Being tall has had its up and downs for the Kleef-Boltons. When the couple first married—he's 7 ft, and she's 6ft 5in—they had some lofty ambitions, not least of which was raising the doorframes in their home to stop them clipping their heads. That issue is yet to be resolved, and the couple still has a bedroom that is only big enough for a standard double bed, forcing them to sleep with their feet hanging out. On the bright side, Wilco,-29, says his height makes his work as a security guard at Barking and Dagenham College in Essex "significantly easier. "
4World's Tallest Filing Cabinet (Vermont)
Built in 2002 by local artist Bren Alvarez, the filing cabinet located in Burlington, Vermont is made up of 38 drawers, with each one representing the number of years of paperwork that Alvarez accumulated while working on the project. While Alvarez's piece proudly claims to be the tallest filing cabinet on Earth, it's unclear if that is actually the case, since other works of art also claim the same title.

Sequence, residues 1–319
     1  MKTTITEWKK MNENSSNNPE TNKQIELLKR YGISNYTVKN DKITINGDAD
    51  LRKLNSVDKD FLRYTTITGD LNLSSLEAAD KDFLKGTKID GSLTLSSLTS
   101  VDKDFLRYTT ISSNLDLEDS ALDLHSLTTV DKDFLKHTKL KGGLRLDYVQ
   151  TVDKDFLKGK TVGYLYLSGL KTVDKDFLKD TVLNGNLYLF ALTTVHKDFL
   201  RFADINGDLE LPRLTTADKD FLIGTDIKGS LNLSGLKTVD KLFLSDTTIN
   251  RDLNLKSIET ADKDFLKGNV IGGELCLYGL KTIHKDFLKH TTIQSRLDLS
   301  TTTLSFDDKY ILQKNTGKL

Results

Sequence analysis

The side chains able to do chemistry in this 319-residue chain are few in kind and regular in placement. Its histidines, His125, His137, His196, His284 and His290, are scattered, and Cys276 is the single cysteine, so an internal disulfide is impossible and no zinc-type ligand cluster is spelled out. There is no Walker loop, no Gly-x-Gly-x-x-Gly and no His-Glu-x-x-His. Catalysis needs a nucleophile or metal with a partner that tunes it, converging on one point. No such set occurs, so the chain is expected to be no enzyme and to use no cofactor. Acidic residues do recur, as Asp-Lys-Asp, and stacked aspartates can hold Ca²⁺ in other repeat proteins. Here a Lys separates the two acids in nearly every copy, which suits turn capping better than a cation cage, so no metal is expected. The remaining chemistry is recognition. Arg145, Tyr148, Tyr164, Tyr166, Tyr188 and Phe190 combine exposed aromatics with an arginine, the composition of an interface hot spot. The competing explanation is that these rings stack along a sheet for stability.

5World's Tallest Giraffe (in captivity)
As a giraffe, he is perhaps used to towering above his fellow animals, but at just over 19 ft tall, Zulu is some four feet taller than the average giraffe and is believed to be the lankiest creature of his kind.
Zulu, who lives at Folly Farm Zoo in Saundersfoot and Tenby, Pembrokeshire, is taller than any other animal in captivity and towers over the three male giraffes he shares his enclosure with at the zoo.